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‘Sign in With Apple’ target of Justice Department antitrust probe

The U.S. Department of Justice is reportedly probing Apple’s “Sign in With Apple” feature as part of a broader antitrust investigation, following complaints from developers.

Specifically, antitrust investigators are looking into whether the “Sign in With Apple” button and other App Store policies “make it difficult for users to switch to a rival device maker,” The Information reported Tuesday.

Apple introduced the “Sign in with Apple” feature as a privacy-respecting option in iOS 13, allowing users to create an account on an app without sharing their email address with developers. Apple also started requiring apps that have account sign in options from Google, Facebook, and Twitter to include “Sign in with Apple” as well. The only exceptions are apps that exclusively use third-party accounts for authentication.

Reportedly, that requirement has made some App Store developers unhappy. Complaints filed by developers in 2020 are now under investigation by antitrust regulators, sources told The Information.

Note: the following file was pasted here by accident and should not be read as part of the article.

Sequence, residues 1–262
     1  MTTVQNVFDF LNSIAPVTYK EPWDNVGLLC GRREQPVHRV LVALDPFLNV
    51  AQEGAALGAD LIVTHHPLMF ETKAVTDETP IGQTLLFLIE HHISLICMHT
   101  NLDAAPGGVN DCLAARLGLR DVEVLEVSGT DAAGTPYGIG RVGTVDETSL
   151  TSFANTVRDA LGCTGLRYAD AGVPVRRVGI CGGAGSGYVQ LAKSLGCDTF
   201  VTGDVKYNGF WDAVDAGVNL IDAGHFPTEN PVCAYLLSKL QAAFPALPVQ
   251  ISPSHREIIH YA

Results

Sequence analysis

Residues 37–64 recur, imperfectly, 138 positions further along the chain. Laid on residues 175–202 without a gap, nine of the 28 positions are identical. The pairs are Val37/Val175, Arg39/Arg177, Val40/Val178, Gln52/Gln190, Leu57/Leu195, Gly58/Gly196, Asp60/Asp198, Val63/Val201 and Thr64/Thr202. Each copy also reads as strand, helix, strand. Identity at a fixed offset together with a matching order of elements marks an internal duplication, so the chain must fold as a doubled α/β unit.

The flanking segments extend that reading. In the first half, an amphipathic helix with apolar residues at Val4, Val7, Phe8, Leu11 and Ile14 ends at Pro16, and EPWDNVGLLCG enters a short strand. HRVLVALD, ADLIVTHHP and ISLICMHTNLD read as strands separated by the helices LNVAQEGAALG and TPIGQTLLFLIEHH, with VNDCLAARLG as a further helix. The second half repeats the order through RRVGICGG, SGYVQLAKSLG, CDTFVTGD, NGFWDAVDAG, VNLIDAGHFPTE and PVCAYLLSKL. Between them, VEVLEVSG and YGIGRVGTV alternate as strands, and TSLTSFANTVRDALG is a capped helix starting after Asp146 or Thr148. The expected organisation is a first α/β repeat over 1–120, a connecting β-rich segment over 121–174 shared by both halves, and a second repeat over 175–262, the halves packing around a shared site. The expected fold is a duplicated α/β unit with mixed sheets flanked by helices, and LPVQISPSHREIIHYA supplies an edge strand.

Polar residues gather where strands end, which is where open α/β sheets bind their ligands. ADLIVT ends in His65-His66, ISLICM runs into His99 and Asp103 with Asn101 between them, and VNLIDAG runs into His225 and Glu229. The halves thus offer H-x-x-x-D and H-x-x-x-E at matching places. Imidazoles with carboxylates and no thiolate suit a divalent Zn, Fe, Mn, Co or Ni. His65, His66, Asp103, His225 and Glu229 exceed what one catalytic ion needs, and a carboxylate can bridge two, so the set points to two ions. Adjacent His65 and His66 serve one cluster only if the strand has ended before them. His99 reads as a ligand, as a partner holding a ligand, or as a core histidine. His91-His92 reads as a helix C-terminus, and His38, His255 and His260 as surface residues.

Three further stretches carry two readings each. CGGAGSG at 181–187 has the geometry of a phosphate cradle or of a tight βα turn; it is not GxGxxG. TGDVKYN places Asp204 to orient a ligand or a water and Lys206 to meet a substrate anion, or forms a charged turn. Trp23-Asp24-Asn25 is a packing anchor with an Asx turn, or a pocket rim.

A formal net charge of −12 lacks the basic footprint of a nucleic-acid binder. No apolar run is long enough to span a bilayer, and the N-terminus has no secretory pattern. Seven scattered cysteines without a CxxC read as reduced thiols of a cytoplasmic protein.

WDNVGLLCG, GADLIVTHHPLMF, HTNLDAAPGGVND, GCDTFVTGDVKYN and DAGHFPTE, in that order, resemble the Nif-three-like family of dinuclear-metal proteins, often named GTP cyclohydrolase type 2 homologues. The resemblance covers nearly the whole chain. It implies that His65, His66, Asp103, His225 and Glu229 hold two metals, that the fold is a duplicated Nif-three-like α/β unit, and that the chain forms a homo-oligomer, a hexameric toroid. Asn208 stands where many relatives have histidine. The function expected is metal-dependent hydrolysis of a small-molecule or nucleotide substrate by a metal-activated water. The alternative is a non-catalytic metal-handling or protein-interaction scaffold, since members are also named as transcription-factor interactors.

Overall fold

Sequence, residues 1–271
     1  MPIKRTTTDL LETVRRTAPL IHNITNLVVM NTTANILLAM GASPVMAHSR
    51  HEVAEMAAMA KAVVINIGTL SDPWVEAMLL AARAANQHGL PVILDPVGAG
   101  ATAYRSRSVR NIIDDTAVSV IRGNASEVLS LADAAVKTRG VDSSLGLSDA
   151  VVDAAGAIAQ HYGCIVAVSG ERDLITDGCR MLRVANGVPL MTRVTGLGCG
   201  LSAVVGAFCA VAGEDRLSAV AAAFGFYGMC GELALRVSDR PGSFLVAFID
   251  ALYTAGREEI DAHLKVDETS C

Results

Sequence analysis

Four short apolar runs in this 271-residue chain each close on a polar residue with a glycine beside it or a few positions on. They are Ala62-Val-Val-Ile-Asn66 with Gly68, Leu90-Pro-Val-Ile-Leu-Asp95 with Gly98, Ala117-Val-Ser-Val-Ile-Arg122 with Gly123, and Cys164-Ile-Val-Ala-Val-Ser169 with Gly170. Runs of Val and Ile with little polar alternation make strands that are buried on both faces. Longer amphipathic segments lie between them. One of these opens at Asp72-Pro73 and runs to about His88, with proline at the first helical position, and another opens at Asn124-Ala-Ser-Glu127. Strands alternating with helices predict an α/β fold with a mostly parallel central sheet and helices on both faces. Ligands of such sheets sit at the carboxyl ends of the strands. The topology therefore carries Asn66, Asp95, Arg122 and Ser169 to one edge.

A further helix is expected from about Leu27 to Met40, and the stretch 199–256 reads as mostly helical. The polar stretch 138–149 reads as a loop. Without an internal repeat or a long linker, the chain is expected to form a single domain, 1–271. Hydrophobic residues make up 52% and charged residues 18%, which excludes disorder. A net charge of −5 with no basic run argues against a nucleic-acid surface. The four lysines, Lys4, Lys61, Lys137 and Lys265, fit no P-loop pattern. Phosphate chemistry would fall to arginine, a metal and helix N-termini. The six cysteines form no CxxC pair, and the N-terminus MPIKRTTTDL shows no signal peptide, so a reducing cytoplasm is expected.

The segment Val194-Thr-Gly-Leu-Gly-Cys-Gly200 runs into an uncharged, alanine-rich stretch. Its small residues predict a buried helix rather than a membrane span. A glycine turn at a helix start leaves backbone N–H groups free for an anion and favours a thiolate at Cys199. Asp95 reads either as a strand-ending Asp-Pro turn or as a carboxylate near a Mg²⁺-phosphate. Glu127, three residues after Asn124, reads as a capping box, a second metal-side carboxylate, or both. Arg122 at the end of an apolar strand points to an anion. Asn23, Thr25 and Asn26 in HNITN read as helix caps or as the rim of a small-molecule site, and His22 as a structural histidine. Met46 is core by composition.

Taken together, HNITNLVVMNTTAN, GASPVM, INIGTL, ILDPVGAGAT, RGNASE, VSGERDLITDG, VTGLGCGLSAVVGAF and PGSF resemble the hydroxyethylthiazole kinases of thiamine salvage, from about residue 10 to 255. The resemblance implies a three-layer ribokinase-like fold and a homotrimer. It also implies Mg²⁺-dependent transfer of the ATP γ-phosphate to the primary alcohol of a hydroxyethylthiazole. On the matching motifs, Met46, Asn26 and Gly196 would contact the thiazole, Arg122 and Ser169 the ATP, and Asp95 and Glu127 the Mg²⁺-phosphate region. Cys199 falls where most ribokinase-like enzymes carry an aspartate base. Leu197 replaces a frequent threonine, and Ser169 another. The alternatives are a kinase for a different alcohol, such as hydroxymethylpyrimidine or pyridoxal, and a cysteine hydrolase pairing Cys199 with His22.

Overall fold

The probe appears to be broader than “Sign In with Apple,” however. The body is examining Apple’s control over its app marketplace, the commission it charges on app and in-app purchases, and whether it restricts third-party app access to systems like Location Services that its own apps are able to use.

An Apple spokesperson declined to comment to The Information, but said that Sign in With Apple was meant to give its users a privacy-focused alternative to account authentication options offered by other companies.

The Department of Justice has not yet decided whether to bring a case against Apple. Sources say that decision could take months.

Apple first came under investigation by the Department of Justice in June 2020, following antitrust complaints from developers.

In addition to the scrutiny of Apple, the DOJ has also filed a lawsuit against Google for its search business. Facebook is also facing antitrust lawsuits from the Federal Trade Commission and state attorneys general.


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